By Chris Elliott
May 22, 2007
I've lived in Ketchikan over 50 years. My mother owned a dress shop on Mission where Bawden intersects and passes Whale Park. My father worked at the Spruce Mill, about where the Great Alaska Logging Show wows its crowds. We got our groceries from Mr. Rollog at Federal Market, had our prescriptions filled by Mr. McClure at Federal Drug, and bought saddle shoes from Mr. Brice at Champion Shoe. After school, I ran errands for a nice lady who worked at the Dime Store. I remember what it was like. Do I wish we could go back to those days? Of course. But it's over.
We don't have government to sustain our economy like Juneau. We don't have the highliners like Petersburg, which may have the highest per capita income in the State, and I don't know what they're growing in Sitka that keeps them so happy. We have tourists, and it's time to make lemonade.
One of the sponsors told me on Saturday morning that even the tourists don't like the jewelry stores and that it hurts Ketchikan as a tourist destination. Really? Who's buying the jewelry? Are these jewelry store owners in business to lose money? That's a non-starter. Someone is obviously buying, and I seriously doubt it's locals.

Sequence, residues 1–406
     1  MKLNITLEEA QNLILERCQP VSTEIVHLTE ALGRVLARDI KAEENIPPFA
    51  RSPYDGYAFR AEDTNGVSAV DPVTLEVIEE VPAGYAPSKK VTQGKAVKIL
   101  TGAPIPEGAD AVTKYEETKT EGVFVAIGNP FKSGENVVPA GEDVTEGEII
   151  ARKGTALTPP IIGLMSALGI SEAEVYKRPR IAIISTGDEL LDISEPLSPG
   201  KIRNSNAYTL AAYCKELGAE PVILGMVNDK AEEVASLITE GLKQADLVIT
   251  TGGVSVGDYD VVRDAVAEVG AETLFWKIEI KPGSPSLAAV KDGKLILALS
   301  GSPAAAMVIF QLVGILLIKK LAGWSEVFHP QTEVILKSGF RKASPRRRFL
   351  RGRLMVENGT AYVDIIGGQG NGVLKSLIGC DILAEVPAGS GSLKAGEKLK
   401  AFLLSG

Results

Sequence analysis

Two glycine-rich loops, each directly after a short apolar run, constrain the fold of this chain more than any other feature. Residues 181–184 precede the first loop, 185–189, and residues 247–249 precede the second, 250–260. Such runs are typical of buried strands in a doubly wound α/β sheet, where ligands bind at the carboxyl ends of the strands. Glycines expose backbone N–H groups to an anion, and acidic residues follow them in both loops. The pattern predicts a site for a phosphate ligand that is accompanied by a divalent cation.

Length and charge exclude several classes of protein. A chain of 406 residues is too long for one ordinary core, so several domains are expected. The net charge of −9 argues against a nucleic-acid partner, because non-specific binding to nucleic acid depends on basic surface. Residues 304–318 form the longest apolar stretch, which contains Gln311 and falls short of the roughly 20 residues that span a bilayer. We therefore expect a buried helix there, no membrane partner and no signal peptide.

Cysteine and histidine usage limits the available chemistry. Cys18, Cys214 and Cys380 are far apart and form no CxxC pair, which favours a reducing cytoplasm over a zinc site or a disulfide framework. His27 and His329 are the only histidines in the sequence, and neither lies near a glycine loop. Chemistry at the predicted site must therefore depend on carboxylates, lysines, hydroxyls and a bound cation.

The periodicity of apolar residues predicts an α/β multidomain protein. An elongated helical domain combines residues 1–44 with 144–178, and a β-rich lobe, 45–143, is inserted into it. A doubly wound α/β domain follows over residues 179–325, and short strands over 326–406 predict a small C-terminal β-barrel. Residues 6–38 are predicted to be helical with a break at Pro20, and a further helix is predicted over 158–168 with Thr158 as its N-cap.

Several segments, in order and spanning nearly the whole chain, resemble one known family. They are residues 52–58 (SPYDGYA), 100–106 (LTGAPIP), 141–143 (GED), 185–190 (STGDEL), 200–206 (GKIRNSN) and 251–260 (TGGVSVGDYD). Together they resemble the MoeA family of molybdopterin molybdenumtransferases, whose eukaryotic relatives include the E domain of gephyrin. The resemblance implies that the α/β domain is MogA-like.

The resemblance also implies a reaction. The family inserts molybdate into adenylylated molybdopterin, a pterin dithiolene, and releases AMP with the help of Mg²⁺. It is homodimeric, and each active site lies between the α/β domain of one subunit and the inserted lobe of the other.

For the sake of argument, let's say that some of the tourists are looking for the real Alaska, for what Ketchikan was. Many of the jewelry stores occupy space formerly occupied by bars. Bob Kinerk has a line in The Fish Pirate's Daughter about the streets being full of drunks. Remember? You could hit about ten bars from the tunnel to the federal building. Those were the days. Would we now be considering cleaning up the downtown area? ( It's disgraceful. All that vomit on the streets. )
Good old-fashioned capitalism cleaned up the downtown area. Meanwhile, Newtown was dying. Where were the investors willing to put in a grocery store or a drug store or a book store or a restaurant? I must have missed the stampede of concerned citizens who now want to revitalize Newtown and take it back from the tourists. It's not too late. I see a FOR RENT sign on the old union hall building. Step up. Put your money where your mouth is. That's the American way. Allowing this group to run roughshod over the rights of the Newtown property owners is the first step down a path of unknown consequences. Will the Golden Arches rise from Hopkins Alley, tempting tourists and locals alike to succumb to the gastronomical delights of a Big Mac? Mr. Freeman may not be the only one with a streak of vindictiveness.
About: "Ketchikan property owner"
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